Ingredients

For the buttercream:
  • ½ cups Sugar
  • ½ cups Plus 3 Tablespoons Unsalted Butter, Divided Use
  • ¼ cups Heavy Whipping Cream
  • ½ teaspoons Sea Salt
  • 1 cup Powdered Sugar
For the shells:
  • 3 Egg Whites. Aged 1 Day At Room Temperature
  • scant 1/4 c. Granulated Sugar
  • heaping 3/4 c. Almond Meal
  • 1 1/2 c. Powdered Sugar
  • 2 Tablespoons Cocoa Powder For Color
  • 1 teaspoon Sea Salt For Garnish
 Directions

For the buttercream:
  1. Heat sugar on medium heat. Stir constantly with a whisk as the sugar begins to melt. Once the sugar begins to boil, stop stirring, just swirl the pot a few times
  2. As soon as all the sugar has melted and becomes a dark amber color, add in the 3 tablespoons of butter and stir until melted. Take the pan off the heat and wait for 3 seconds before pouring in the cream slowly and whisk until smooth.
  3. Stir in sea salt. Let it come to room temperature before using it to make the buttercream. You now have salted caramel! The caramel can be made ahead of time and stored in the refrigerator for up to 2 weeks. Let it come back to room temperature before using it with the buttercream. 
  4. When ready to make the buttercream, mix the salted caramel with a hand mixer for about 3-5 minutes — you will notice it becomes lighter in color. Mix in the remaining 1/2 cup of butter. Then add in powdered sugar and mix until fluffy, scraping the sides occasionally.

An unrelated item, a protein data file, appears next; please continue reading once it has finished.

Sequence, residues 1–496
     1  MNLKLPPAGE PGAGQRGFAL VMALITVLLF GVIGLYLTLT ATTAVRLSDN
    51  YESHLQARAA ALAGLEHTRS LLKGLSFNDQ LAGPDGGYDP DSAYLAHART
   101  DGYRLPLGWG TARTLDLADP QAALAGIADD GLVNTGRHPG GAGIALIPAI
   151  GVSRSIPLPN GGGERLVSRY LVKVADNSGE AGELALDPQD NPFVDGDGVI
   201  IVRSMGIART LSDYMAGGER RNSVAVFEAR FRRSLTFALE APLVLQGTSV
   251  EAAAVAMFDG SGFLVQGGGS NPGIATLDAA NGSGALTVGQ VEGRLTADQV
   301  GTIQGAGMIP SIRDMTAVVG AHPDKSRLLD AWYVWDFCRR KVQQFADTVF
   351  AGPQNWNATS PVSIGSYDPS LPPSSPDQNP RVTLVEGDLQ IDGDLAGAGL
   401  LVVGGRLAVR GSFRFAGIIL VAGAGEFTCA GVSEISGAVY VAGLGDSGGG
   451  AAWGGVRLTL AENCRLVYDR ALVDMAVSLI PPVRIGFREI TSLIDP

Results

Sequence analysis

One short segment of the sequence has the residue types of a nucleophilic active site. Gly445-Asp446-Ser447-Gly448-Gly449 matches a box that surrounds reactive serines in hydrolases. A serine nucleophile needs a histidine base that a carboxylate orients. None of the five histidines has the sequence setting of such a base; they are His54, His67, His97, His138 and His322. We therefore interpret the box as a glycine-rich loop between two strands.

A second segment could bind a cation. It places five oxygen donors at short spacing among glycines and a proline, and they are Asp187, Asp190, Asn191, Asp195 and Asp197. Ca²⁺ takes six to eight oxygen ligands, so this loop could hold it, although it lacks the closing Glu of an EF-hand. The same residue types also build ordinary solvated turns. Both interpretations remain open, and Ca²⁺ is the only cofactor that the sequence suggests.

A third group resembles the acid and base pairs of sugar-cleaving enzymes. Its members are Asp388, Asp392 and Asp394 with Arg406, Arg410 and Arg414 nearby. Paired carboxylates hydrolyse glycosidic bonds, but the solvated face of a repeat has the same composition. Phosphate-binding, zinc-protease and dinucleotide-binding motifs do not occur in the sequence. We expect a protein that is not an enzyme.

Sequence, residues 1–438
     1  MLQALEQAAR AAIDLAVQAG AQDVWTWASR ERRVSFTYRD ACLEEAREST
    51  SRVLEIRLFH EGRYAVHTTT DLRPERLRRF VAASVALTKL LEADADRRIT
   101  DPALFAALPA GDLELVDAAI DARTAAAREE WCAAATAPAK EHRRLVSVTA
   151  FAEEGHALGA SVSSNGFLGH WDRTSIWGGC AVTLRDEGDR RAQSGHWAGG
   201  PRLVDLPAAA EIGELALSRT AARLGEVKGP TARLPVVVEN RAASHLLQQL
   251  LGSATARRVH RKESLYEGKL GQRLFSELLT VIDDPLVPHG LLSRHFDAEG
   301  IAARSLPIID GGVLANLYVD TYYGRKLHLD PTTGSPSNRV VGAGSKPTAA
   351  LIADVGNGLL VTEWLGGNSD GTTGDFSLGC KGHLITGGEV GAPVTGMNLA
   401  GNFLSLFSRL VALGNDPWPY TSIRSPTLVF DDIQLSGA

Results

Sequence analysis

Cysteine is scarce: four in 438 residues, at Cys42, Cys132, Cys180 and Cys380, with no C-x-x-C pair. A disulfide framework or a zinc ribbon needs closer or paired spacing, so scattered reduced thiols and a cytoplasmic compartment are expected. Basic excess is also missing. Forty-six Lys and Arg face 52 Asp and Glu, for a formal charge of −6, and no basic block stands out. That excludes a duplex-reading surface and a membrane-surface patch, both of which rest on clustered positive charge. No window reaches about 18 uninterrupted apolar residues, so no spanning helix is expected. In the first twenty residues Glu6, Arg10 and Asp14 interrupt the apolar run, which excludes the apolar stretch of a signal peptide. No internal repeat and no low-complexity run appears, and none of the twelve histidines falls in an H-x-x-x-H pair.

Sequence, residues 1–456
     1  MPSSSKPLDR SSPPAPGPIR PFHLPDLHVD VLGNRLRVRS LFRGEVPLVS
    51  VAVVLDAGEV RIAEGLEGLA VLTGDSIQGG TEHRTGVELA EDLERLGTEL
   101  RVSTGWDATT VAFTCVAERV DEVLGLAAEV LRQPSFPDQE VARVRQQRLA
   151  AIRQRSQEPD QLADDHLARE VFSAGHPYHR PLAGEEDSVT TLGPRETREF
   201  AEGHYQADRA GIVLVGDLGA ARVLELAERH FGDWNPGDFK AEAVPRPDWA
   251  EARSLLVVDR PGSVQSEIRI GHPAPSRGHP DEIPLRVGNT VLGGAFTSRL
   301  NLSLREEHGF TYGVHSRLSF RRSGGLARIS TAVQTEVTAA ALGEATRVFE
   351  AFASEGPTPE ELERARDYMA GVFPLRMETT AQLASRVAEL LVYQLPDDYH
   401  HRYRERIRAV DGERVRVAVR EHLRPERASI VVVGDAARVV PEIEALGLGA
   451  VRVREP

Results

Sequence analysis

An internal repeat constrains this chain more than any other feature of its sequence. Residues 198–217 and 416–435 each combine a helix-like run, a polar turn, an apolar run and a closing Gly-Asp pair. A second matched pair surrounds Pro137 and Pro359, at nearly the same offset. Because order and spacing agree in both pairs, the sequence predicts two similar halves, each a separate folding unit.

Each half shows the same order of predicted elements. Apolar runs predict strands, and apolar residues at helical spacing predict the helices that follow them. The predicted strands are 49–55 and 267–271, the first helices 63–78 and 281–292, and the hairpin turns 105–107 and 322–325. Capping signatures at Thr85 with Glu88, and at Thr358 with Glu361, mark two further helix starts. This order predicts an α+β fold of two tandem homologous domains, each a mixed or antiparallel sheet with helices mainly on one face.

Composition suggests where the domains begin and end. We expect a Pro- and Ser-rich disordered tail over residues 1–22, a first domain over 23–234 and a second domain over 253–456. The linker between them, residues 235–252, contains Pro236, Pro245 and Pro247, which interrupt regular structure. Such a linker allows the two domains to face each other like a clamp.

For the shells:
  1. In a large, dry bowl, whip the egg whites on medium high speed until foamy, about 4 minutes. Slowly add the granulated sugar and continue to beat until stiff peaks form, but do not over beat.
  2. Sift almond meal, powdered sugar, and cocoa powder into a bowl. The cocoa powder is optional for color — if you don’t want to use it, add 2 tablespoons of powdered sugar to replace it. Add this mixture into the meringue. Fold together using a spatula just until incorporated. Try not to use more than 50 strokes/folds.
  3. Transfer the batter to a piping bag and pipe silver-dollar size rounds onto baking sheets prepared with silicone mats or parchment paper. Sprinkle some sea salt on top of each shell for decoration. Let the shells sit for 30-45 minutes for the surfaces to dry out a bit. Bake at 300°F for 15-20 minutes. Remove from the oven and allow to cool on the pans for a moment. Transfer shells to cooling rack once they are cool enough to touch.